And a very ecstatic Chelsea on the road! Yes, a road, I promise!
Now do you believe me? A little road...
Huron sunset glory
Harper and the Apostles on the CT

So, in all, a successful trip. On the ascent, I'd like to try the southern ridge leading out of the basin beneath Winfiled. For a descent off Virginia, just be careful. Maybe do more research than we did and see if you can find an established trail that leads out of the basin. Lastly, I certainly would not want to go up the way we came down. That loose dirt would be awful even with spikes to help grip.

My GPS Tracks on Google Maps (made from a .GPX file upload):

Thumbnails for uploaded photos (click to open slideshow):
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 Comments or Questions

The missing piece
09/26/2019 14:41
Sorry, I dont write TRs much anymore but was going to write one from my trip a couple weeks ago that might have helped you out. I was actually going to recommend the same basin you dropped into as an excellent route for Virginia> W Virginia> Sheep Rock. The key piece that it looks like you barely missed is the game/climbers trail that drops down to that road you found below.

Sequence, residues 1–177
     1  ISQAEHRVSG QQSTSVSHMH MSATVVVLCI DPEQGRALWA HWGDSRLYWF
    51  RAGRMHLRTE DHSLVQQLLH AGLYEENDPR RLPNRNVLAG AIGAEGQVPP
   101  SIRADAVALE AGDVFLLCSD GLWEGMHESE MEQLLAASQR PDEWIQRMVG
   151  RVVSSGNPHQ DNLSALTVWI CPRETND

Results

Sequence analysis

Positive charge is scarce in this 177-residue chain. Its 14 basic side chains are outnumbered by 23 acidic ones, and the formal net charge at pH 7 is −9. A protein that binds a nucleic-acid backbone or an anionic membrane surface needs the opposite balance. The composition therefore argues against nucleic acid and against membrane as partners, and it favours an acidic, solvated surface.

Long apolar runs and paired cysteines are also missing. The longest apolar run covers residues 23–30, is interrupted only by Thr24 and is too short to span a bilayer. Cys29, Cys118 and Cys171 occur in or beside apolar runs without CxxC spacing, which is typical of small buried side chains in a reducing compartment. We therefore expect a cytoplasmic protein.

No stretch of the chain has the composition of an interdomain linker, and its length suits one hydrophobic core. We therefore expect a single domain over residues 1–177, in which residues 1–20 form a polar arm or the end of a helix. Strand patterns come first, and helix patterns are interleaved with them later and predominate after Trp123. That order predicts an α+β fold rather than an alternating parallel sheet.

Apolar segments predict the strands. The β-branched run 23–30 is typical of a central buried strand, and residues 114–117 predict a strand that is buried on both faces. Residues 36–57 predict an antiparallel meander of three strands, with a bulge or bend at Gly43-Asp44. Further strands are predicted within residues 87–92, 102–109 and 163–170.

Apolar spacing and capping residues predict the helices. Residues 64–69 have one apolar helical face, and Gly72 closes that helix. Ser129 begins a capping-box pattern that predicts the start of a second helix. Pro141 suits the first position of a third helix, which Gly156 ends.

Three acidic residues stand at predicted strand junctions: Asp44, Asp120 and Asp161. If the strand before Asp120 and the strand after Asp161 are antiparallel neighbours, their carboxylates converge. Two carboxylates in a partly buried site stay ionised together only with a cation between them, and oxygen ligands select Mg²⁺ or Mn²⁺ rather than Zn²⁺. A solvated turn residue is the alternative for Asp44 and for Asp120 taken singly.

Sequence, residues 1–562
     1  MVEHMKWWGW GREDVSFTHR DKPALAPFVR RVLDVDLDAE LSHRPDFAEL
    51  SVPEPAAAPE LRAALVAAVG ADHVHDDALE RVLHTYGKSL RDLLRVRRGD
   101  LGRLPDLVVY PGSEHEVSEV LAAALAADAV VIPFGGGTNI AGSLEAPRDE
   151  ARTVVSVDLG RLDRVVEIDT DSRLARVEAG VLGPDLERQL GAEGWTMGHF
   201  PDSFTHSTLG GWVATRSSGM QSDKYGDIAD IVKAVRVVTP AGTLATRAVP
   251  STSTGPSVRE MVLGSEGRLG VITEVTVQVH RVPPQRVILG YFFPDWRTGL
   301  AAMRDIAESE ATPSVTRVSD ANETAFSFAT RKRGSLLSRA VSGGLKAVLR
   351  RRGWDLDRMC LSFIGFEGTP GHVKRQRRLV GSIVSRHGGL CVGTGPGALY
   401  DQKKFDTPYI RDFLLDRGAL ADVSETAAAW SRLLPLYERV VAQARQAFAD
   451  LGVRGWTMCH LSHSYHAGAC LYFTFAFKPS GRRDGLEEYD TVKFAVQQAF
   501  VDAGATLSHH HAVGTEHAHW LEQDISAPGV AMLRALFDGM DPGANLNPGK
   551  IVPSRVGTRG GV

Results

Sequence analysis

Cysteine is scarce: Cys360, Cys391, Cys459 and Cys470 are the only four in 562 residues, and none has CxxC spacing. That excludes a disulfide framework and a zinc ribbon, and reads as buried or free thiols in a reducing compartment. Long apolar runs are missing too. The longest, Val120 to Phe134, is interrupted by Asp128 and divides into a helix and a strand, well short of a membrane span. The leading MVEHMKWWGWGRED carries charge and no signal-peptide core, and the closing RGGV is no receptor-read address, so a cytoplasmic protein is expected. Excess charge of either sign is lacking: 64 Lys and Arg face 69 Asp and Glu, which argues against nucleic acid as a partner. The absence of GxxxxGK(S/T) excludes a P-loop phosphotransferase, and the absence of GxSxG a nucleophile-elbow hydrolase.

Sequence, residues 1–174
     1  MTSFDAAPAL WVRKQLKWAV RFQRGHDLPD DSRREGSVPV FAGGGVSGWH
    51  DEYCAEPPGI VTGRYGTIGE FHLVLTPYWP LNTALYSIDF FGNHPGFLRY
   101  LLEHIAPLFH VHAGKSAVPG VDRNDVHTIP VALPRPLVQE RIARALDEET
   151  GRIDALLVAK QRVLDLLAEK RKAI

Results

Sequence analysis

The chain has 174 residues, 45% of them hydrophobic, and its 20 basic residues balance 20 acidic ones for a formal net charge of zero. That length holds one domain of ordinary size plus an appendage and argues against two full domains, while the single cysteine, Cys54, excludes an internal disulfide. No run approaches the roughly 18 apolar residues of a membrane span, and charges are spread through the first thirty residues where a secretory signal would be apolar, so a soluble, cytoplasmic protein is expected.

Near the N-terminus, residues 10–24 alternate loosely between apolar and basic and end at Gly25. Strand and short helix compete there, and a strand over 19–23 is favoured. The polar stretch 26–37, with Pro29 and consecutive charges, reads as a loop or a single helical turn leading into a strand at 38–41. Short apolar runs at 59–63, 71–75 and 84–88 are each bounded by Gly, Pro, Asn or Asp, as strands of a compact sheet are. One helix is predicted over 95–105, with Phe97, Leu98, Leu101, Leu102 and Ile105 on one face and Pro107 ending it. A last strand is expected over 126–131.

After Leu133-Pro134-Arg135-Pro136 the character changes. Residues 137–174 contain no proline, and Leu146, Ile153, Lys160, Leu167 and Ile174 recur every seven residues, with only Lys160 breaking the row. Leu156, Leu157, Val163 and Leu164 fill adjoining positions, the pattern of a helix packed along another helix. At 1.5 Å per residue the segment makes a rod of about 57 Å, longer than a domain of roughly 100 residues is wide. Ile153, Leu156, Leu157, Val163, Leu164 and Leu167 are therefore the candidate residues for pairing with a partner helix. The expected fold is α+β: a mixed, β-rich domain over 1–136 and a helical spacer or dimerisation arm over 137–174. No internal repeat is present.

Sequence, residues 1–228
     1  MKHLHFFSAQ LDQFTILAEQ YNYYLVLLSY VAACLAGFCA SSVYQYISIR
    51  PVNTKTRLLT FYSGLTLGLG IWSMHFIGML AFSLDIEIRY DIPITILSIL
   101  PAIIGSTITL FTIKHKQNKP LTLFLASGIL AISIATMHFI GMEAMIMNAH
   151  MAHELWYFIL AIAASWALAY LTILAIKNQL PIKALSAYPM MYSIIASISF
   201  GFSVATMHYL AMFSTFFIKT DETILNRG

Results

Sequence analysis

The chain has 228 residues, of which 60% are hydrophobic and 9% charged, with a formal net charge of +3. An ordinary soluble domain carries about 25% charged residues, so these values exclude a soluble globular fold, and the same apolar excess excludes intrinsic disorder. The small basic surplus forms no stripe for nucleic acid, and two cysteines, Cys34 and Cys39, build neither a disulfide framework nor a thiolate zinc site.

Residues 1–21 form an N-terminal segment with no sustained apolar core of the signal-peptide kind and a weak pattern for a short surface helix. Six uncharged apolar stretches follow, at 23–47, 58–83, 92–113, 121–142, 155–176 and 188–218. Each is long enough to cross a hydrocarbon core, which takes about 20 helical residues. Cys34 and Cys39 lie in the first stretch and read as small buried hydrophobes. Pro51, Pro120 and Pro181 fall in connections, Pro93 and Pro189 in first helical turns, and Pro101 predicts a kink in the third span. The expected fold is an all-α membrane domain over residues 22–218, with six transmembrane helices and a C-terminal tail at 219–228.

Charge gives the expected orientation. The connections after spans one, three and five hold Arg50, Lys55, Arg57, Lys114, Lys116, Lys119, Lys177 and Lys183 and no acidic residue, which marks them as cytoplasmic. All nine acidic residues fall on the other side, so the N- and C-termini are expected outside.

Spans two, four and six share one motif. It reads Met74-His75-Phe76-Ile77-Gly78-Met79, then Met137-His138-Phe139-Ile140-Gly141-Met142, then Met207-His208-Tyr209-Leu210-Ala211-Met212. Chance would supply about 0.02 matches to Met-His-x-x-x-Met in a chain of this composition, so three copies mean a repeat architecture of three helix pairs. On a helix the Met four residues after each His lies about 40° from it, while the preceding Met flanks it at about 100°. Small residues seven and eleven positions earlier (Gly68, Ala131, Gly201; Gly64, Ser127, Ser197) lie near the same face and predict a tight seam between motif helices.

Where you started trending east at 11800 you should have stayed straight down to the creekbed below the little tarn on your map. It's an easy bushwhack south along the stream from there to about 11600ish where the terrain starts to open up and get steeper. At that point I picked up a cairned trail 20-30 ft east of the stream that dropped to the SE and connects to the road you found below. At the spot where we both rejoined the CT I went the same way as you but believe that going to the right probably would have connected to the lake Anne trail not far above the Huron 4wd TH and allowed for an easy creek crossing.


10/07/2019 11:05
@KevinK that will be helpful for when I return for Sheep Rock and W Virginia. Thanks. I'll look for your report in a couple of years for when I decide to try it again! I think you're correct on the Lake Anne Trail. We were so over it by the end of the day that we just walked right through the creek to get to the car.